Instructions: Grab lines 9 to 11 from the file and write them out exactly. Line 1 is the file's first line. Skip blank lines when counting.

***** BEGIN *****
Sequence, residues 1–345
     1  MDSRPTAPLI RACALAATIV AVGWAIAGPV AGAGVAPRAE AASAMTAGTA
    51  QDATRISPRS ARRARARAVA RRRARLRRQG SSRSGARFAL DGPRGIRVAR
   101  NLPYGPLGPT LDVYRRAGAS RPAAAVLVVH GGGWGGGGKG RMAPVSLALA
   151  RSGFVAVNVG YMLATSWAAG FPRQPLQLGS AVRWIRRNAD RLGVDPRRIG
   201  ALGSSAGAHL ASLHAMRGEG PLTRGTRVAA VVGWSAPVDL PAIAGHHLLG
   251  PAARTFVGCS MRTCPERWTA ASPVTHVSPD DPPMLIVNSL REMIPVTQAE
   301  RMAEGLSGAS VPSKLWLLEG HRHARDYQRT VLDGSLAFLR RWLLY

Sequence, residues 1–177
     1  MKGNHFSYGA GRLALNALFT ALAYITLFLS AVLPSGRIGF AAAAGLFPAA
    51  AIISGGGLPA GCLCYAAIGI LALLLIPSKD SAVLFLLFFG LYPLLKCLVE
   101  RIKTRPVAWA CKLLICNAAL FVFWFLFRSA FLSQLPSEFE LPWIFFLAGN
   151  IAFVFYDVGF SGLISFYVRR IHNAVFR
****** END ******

Sequence, residues 1–177
     1  MKGNHFSYGA GRLALNALFT ALAYITLFLS AVLPSGRIGF AAAAGLFPAA
    51  AIISGGGLPA GCLCYAAIGI LALLLIPSKD SAVLFLLFFG LYPLLKCLVE